the question of interactivity in mobile devices, although it has been argued that mobile technology is an alternative
way to connect to the Internet (i.e., wireless Internet).

2. Progress in M-Commerce Research

To date, major e-commerce journals and some business journals have published special editions on this topic:
the first was in Electronic Markets in 2002, followed by International Journal of Electronic Commerce, Decision
Support Systems, and Journal of Business Research, amongst others. The focus of the journals varied, from technical
to managerial topics, and exemplified the complex nature of m-commerce components.
A series of papers by Barnes [2002a, 2002b] were among the pioneering efforts in mobile research in general.
He proposed preliminary frameworks for value-chain creation and wireless advertising, respectively. His works are
purely conceptual, but his frameworks provided a useful foundation for those who subsequently undertook empirical
Needless to say, mobile Internet service adoption has been the most popular topic in the m-commerce research
literature. To date, several empirical studies are available, including Hung, Ku, and Chung [2003]. They conducted
one of the most comprehensive studies of mobile Internet adoption, adopting Davis’s [1989] Technology
Acceptance Model (TAM) to consumers’ WAP adoption behavior in Taiwan.
From a theoretical point of view, the TAM has been the most frequently used base for m-commerce adoption,
followed by the Theory of Reasoned Action (TRA) [Fishbein and Ajzen 1975] and the Theory of Planned Behavior
(TPB) [Ajzen 1991]. For example, Lu, Yu, Liu, and Yao [2003] proposed a TAM-based conceptual framework for
wireless Internet adoption. This is not surprising, given that this theory has frequently been used to study wired
Internet adoption.
Nysveen, Pedersen, and Thorbjornsen’s recent exploration [2005] may—in my judgment—become one of the
most significant contributions to date on mobile Internet adoption. The study was carried out in Norway, and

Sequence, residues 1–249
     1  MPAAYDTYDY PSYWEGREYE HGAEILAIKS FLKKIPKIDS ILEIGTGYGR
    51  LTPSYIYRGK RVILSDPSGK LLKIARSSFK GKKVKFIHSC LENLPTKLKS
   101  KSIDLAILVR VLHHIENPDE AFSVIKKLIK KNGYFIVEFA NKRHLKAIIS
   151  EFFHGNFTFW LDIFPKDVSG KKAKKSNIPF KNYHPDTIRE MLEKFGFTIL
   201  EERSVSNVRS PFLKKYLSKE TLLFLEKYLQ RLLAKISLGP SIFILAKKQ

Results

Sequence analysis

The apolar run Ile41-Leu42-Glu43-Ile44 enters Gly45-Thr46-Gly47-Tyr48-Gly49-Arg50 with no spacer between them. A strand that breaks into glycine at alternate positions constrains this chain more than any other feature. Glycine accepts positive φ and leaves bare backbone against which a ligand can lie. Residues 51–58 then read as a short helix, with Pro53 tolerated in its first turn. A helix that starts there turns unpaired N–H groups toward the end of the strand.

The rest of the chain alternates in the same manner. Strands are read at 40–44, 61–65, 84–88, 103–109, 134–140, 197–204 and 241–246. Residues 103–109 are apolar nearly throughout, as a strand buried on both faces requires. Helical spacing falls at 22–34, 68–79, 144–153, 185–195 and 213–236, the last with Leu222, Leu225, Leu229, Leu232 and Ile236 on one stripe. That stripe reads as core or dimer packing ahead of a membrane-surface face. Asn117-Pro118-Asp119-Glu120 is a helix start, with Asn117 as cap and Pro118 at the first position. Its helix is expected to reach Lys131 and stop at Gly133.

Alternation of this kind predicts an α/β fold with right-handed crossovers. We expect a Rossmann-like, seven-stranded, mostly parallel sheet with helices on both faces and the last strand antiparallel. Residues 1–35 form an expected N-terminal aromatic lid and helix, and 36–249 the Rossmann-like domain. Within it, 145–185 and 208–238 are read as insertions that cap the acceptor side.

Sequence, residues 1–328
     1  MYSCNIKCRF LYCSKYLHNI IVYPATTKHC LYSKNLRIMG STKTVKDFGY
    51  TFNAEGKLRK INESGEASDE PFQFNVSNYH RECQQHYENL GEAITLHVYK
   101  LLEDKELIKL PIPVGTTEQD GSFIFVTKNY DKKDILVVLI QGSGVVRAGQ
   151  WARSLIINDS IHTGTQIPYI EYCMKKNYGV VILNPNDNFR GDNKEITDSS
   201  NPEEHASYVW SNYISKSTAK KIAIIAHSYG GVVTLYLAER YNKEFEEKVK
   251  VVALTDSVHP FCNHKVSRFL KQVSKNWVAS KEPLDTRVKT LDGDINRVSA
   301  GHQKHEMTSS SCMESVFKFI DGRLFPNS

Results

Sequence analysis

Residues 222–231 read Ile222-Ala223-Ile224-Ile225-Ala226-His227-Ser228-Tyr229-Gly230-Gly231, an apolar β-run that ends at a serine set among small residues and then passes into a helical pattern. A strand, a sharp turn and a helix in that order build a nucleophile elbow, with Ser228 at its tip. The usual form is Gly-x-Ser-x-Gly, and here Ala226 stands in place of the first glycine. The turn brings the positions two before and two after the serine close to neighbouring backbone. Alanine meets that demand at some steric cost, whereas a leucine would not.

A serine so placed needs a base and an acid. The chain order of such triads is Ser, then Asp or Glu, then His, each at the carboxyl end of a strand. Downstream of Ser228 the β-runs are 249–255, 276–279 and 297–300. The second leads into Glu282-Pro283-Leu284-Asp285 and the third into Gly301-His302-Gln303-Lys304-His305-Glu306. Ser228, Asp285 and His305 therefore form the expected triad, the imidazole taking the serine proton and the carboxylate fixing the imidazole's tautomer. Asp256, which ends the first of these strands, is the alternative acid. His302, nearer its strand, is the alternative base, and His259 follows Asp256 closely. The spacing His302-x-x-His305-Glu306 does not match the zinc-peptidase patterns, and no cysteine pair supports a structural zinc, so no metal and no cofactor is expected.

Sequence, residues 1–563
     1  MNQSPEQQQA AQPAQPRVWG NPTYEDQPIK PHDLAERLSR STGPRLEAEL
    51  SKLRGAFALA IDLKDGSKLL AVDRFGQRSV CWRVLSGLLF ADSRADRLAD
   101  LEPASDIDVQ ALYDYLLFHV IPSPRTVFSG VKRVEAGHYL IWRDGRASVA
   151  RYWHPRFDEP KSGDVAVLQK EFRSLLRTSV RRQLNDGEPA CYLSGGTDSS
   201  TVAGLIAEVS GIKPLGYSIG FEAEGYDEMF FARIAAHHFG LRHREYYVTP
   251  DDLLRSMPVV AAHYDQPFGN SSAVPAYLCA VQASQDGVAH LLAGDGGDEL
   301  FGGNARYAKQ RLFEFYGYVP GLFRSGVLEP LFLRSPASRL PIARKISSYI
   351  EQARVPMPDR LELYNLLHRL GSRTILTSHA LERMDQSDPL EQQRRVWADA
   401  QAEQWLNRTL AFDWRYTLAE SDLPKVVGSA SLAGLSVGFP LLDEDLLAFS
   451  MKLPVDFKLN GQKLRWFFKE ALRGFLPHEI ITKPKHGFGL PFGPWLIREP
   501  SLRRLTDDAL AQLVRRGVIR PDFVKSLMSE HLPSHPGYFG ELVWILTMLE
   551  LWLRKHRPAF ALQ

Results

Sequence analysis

partially replicates Hung, Ku, and Chung’s study. Nysveen, Pedersen, and Thorbjornsen formulated a causal model
based on the TAM, TRA and TPB, to examine cross-service comparisons via multigroup structural equation
SMS-based marketing is another “main stream” of m-commerce research. For example, Barwise and Strong
[2002] and Tsang, Ho, and Liang [2004] provided solid empirical evidence regarding “permission-based”
advertising in the UK and Taiwan, respectively. On the other hand, although sporadic industry reports indicate
actual use of SMS campaigns, there have been few attempts to investigate multinational firms’ strategic perceptions
of mobile marketing. Okazaki [2005] conducted a qualitative interview of 54 multinational firms’ marketing
executives operating in Europe. This study was based on Roger’s [1980] new technology diffusion model, and found
that multinational firms consider branding one of the most important attributes of mobile advertising adoption.
Few researchers have examined the specific nature of mobile Internet services, and the studies have been
published in a rather sporadic way. For example, the literature is available in mobile banking/finance [Brown et al.
2003; Kleijnen, Wetzels and de Ruyter 2004, etc.], cross-cultural comparison [Lee et al. 2002, etc.], security issues
[Petty 2003, etc.], and location-based services (GPS) [Kumar and Stokkeland 2004, etc.], among others.
Kleijnen, de Ruyter, and Wetzels [2004] published an interesting study of mobile gaming adoption in the
Netherlands. They applied a series of sophisticated multivariate analyses to examine mobile gamers’ profiles. Their
paper is one of the few empirical studies of this topic. In a recent study, Kleijnen expanded her expertise into the
more psychological aspects of new technology adoption [2005], an approach that seems to provide insightful
implications for future m-commerce research.
From the industry perspective, one of the most successful mobile Internet services, i-mode, has seldom been
examined empirically, although Baldi and Thaung’s [2002] conceptual studies explained its adoption process from
cultural perspectives. In the same token, Barnes and Huff [2003] used the TAM framework in their theoretical